No fewer than seven rulings were delivered in September on the basis of xenophobic statements. Seven individuals in three regions of the country were convicted. Four of them had been charged under Article 280 of the Criminal Code (public calls to extremist activity) over the social media posts calling for attacks on natives of the Caucasus and Central Asia, as well as other, unnamed ethnic groups. One individual was charged under Part 1 of Article 282 of the Criminal Code (incitement of national hatred after administrative liability for a similar act within one year) over antisemitic posts on social media. He had been fined under Article 20.3.1 of the Code of Administrative Offenses (incitement to hatred) in June 2019, but twice in the course of the following year, published antisemitic content and was likewise criminally charged in April and September of 2020. The defendant had refused to pay the fine in April, and in September was sentenced to two years in an open prison. Two other individuals were charged under Article 205.2 Part 2 of the Criminal Code (public justification of terrorism): one on the basis of radical Islamist propaganda, and the other for justifying the terrorist acts on mosques in New Zealand.
This year in total so far, racist and other unconstitutional statements have formed the basis of no fewer than 63 rulings of Russian courts, convicting 69 individuals in 37 regions of the country.
The Federal List of Extremist Materials was updated twice, on September 2 and 21, to account for new entries 5093 – 5105. New entries include: an Ingush book accusing Ossetians of collaboration with Germany during World War II; the books by contemporary Russian nationalist ideologues Petr Khomyakov The NORNA Program and Konstantin Dushenov Orthodoxy or Death; various xenophobic video clips; and radical Islamist materials.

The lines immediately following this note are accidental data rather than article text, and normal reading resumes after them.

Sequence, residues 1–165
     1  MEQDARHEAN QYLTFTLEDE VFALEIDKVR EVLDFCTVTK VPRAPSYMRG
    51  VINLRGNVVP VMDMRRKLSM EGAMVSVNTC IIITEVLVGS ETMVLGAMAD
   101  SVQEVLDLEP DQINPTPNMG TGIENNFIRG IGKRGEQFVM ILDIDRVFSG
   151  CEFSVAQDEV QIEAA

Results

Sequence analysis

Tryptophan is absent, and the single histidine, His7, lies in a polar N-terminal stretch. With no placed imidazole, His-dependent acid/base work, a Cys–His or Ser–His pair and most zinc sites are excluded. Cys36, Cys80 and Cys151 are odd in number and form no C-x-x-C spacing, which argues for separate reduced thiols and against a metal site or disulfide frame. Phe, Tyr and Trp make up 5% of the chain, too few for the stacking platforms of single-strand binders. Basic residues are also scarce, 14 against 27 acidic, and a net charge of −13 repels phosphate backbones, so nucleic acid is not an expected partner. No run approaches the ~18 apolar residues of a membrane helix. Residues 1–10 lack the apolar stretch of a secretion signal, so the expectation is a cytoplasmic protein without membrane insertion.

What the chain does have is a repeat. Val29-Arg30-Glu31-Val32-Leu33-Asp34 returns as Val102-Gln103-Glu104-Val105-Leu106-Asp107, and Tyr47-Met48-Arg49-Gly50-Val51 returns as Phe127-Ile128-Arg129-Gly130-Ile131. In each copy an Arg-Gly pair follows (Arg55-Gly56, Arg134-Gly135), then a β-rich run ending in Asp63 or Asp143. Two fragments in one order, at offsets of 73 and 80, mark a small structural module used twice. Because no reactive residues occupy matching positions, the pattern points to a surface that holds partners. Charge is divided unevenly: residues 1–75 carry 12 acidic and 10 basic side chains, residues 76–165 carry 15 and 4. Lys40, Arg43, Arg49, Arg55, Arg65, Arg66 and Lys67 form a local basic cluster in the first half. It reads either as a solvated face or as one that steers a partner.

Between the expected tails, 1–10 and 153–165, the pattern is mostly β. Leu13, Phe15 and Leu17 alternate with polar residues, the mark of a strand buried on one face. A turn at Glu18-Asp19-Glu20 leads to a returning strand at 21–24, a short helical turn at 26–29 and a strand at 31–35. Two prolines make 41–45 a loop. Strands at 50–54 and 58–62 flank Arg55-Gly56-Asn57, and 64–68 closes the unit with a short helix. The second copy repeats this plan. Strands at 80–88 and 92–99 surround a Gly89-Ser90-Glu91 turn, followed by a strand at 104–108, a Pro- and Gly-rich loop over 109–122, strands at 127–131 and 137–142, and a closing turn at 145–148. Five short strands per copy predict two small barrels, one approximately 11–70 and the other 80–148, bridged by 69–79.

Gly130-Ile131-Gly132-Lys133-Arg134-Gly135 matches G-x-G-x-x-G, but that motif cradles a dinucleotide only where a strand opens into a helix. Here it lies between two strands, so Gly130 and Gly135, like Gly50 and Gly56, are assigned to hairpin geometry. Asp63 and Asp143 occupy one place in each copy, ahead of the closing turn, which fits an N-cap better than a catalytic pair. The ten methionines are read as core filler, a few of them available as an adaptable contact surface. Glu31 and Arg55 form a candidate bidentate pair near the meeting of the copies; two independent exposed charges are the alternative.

We are aware that five individuals were fined this month on the basis that they shared social media content featured on the Federal List of Extremist Materials. They were fined under Article 20.29 of the Code of Administrative Offenses (manufacture and distribution of banned materials).
No fewer than 13 individuals were sanctioned under Article 20.3.1 of the Code of Administrative Offenses for posting or sharing video clips, texts and comments insulting to natives of Central Asia and the Caucasus, as well as other people of "non-Slavic appearance."
According to our data, no fewer than three people were sanctioned under Article 20.3 of the Code of Administrative Offenses (propaganda and public display of Nazi symbols and symbols of banned organizations). Two of them posted swastikas in one form or another to social media. The other – a prisoner in a colony in the Orlov Region – was fined on the basis that he displayed his own tattoo featuring Nazi symbols.
(*) Our data on criminal and administrative cases are reported without consideration of suits that we consider to be patently improper. Additionally, our data, especially concerning the Code of Administrative Offenses, are substantially incomplete.